Show Summary Details

Page of

PRINTED FROM OXFORD HANDBOOKS ONLINE ( © Oxford University Press, 2018. All Rights Reserved. Under the terms of the licence agreement, an individual user may print out a PDF of a single chapter of a title in Oxford Handbooks Online for personal use (for details see Privacy Policy and Legal Notice).

date: 26 May 2020

Abstract and Keywords

This article argues that the modern concept of terrorism does not fit the realities or worldviews that characterize medieval societies. Instead, therefore, the article explores the wider use of instrumental terror in the period, that is, the deliberate use of extreme fear to achieve some goal or set of goals indirectly, rather than by the direct application of force. It concludes that instrumental terror formed an important part of the repertoire of power in medieval Europe. It was most often applied through violence wielded from the top down, by people wishing to impose or maintain their power over others. It was occasionally, however, used from the bottom up, in an effort to destabilize or overturn a dominant order. Its legitimacy was subjective; while some medieval sources condemn it, others present it as necessary and even positive.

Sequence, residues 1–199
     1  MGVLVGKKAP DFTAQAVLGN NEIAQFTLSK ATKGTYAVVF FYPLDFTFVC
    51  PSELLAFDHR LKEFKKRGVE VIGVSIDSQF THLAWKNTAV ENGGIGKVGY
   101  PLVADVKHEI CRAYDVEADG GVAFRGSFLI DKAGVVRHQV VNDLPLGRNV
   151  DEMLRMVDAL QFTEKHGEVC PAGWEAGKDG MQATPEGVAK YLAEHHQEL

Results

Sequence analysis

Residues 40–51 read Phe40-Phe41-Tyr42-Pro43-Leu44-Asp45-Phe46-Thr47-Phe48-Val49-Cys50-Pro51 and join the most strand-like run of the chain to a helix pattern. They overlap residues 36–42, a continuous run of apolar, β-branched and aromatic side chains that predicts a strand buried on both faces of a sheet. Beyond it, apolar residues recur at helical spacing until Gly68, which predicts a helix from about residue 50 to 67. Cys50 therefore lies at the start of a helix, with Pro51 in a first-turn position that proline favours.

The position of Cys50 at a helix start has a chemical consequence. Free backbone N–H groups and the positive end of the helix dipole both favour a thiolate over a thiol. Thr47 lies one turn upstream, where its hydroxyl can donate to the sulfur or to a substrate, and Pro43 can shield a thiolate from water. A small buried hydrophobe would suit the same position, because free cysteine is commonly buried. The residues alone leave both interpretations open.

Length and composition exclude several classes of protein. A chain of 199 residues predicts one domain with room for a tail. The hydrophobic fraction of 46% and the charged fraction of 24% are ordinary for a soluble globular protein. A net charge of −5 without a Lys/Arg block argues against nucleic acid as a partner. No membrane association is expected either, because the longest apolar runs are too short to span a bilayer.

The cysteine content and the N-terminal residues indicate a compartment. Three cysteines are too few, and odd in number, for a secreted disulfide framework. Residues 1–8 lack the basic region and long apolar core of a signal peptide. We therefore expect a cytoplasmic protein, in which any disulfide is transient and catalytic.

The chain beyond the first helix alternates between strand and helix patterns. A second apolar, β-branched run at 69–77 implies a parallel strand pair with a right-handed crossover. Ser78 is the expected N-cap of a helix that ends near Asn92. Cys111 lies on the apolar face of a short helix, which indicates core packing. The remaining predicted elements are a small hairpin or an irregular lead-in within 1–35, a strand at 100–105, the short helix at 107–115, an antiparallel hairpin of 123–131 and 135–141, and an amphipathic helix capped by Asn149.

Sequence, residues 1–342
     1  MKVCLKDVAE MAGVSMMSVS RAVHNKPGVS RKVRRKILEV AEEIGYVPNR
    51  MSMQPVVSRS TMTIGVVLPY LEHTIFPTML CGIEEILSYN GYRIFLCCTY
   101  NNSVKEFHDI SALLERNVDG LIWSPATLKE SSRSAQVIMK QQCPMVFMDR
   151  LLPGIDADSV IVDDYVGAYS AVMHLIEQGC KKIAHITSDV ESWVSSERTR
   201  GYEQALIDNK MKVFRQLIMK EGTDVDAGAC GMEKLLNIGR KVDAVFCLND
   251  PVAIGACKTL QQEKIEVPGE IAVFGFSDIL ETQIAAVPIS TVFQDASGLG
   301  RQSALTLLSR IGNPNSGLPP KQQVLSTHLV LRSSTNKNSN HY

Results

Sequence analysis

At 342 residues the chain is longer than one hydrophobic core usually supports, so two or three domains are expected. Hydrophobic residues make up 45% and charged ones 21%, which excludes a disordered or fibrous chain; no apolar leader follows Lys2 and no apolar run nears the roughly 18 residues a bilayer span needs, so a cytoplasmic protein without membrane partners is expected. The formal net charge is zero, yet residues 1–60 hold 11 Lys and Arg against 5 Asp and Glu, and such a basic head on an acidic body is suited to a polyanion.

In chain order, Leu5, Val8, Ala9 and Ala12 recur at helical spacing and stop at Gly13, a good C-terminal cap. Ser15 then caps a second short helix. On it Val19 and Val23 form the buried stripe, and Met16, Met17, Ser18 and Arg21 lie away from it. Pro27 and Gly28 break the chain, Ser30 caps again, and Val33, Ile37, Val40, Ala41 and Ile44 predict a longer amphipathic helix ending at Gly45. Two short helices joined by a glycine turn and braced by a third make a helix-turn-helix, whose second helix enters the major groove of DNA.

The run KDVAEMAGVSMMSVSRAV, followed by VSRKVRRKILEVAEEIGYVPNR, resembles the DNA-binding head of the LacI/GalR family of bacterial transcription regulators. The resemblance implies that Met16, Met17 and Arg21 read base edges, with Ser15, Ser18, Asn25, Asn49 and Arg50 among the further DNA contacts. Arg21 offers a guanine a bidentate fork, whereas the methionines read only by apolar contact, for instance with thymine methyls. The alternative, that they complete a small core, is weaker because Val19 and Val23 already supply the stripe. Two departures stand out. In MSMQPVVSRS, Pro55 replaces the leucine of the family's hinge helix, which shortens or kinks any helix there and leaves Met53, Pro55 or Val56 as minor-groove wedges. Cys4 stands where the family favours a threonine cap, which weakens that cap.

Keywords: terror, terrorism, instrumental, medieval, Middle Ages, violence, power, order

Access to the complete content on Oxford Handbooks Online requires a subscription or purchase. Public users are able to search the site and view the abstracts and keywords for each book and chapter without a subscription.

Please subscribe or login to access full text content.

If you have purchased a print title that contains an access token, please see the token for information about how to register your code.

For questions on access or troubleshooting, please check our FAQs, and if you can''t find the answer there, please contact us.